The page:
with morbid exultation, burial companies black in cloth and countenance, and last of all a black box, burial, an ill-omened placed haunted by glooms and ghosts of every degree. And thus death becomes fearful, and the most notable and incredible thing heard from deathbeds is “I fear not to die.” But let a child walk with Nature, let him behold the beautiful blendings and communions of death of life, their joyous inseparable unity as taught in woods and meadows, plains and mountains and streams of our blessed star, and he will learn that death is stingless indeed and as beautiful as life, and that the grave has no victory for it never fights. All is in divine harmony. Most of the few graves of Bonaventure are gardened with brilliant flowers. There is generally a magnolia at the head a few feet from the strictly erectly marble, a rose-bush or two at the foot, and some violets, and showy exotics along the edges or on top. All is enclosed by a black iron railing, composed of rigid bars that might have been spears or bludgeons from a battlefield in Pandemonium. It is interesting to observe how assiduously Nature seeks to remedy these labored art blunders. She corrodes the iron and marble, levels the hillock which is always heaped up as if a sufficiently heavy quantity of clods could not be heaped on the dead. The gaudy flowers are heaped with leaves, arching grasses come one by one,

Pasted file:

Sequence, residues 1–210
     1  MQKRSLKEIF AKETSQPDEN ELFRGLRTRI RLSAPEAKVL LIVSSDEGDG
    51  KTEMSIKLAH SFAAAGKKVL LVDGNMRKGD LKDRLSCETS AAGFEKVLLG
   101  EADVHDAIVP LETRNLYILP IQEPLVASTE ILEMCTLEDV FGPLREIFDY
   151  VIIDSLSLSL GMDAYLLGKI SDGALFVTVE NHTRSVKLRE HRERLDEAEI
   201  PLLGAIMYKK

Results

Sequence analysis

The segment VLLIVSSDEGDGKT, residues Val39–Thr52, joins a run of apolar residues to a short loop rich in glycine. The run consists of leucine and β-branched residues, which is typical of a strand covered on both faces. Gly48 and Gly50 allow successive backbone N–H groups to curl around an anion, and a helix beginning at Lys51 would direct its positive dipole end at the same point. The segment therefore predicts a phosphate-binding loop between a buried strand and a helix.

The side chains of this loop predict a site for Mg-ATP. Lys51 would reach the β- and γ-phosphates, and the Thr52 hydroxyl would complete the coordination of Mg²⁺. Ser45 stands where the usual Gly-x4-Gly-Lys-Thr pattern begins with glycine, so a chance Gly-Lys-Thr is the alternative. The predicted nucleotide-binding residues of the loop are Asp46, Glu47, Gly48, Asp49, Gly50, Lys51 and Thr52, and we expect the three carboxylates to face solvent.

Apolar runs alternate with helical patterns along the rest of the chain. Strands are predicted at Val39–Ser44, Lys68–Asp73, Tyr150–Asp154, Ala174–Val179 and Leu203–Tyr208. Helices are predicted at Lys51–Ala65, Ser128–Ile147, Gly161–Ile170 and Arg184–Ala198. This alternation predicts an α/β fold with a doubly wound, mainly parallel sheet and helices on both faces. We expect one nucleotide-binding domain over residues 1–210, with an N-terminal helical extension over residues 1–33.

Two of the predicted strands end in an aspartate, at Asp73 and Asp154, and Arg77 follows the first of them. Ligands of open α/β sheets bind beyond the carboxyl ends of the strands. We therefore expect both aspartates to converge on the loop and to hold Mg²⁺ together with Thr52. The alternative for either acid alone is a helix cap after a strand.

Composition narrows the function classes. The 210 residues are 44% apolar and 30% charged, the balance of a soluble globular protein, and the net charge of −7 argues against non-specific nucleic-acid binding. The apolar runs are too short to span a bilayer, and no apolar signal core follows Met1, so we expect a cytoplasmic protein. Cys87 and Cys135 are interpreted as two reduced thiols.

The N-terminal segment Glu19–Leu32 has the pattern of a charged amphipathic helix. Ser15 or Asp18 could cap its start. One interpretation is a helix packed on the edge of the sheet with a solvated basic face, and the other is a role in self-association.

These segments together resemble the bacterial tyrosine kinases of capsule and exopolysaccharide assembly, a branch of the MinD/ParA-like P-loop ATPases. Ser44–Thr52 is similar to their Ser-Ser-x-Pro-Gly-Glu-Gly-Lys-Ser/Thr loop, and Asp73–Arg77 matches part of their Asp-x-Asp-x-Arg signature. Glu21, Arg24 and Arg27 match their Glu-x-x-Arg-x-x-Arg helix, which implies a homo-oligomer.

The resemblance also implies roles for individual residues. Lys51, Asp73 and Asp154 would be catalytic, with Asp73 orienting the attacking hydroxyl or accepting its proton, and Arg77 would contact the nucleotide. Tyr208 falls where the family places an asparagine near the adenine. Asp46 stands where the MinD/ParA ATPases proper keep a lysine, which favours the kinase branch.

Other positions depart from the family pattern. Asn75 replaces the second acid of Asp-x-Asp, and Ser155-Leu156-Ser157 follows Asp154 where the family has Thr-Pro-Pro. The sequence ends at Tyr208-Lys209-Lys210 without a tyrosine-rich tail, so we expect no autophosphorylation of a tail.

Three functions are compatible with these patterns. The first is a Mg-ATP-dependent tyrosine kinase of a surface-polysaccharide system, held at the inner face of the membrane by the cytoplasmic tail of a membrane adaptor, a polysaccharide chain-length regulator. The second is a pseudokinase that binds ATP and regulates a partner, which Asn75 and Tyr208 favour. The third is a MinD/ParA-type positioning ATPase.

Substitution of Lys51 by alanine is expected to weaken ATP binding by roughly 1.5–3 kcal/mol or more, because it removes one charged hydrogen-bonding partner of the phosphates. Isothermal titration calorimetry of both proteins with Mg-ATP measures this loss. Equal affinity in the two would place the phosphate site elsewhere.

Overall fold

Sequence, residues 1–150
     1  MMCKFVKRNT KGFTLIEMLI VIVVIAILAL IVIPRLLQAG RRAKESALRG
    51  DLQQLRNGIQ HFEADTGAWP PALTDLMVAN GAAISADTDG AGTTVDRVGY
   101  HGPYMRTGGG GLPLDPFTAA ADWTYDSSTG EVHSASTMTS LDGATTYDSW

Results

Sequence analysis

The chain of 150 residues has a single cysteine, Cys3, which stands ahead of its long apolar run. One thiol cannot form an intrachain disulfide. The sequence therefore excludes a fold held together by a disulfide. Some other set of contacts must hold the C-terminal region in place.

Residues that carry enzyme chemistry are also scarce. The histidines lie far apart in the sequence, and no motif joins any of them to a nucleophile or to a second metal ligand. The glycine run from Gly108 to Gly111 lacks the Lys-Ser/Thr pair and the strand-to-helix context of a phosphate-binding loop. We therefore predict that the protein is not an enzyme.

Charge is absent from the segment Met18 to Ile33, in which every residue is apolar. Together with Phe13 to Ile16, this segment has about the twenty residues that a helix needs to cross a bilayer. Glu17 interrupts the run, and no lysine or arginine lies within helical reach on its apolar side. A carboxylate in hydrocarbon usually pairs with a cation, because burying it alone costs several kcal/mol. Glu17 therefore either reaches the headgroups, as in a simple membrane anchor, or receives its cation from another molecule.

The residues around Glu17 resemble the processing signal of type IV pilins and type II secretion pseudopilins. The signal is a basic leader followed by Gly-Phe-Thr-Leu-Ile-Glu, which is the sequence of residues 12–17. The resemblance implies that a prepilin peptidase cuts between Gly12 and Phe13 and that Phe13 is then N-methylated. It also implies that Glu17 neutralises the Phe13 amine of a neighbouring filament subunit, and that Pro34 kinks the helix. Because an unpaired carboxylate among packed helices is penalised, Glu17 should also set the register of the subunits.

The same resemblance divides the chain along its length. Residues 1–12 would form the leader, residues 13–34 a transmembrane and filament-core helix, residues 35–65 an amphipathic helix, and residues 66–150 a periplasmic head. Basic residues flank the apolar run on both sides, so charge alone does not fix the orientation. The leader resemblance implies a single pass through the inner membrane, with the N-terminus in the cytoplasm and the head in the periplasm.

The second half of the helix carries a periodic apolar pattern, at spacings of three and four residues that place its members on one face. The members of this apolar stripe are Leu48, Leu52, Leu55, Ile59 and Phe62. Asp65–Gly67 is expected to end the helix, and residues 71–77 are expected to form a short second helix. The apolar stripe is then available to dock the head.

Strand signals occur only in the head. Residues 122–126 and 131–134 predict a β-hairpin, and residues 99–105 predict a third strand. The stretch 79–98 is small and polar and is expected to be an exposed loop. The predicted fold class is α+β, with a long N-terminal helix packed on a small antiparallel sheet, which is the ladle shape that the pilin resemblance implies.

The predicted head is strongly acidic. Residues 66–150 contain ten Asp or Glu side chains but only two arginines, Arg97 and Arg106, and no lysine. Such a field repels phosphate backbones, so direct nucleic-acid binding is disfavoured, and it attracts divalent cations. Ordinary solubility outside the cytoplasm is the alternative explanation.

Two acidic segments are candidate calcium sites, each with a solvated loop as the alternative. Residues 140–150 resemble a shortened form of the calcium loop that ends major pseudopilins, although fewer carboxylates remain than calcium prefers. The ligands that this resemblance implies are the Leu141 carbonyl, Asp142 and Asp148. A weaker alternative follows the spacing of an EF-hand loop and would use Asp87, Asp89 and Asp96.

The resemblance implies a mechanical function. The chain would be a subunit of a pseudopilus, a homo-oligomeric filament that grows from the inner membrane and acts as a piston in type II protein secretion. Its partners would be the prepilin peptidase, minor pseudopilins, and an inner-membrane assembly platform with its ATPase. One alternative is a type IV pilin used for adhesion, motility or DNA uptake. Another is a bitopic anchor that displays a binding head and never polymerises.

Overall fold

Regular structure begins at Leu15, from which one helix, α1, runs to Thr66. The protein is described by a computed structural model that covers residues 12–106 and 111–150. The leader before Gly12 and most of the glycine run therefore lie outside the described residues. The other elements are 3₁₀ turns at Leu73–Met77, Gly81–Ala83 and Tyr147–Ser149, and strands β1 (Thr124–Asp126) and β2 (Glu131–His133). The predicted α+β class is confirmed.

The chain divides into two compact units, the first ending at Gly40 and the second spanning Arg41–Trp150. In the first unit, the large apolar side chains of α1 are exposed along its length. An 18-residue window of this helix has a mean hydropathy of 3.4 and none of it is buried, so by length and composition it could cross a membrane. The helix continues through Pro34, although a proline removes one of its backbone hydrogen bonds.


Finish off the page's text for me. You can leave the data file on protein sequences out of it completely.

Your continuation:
Original journal dimensions: 10 x 16.5 cm.
Holt-Atherton Special Collections, University of the Pacific Library
John Muir, journals, drawings, writings, travel, journaling, naturalist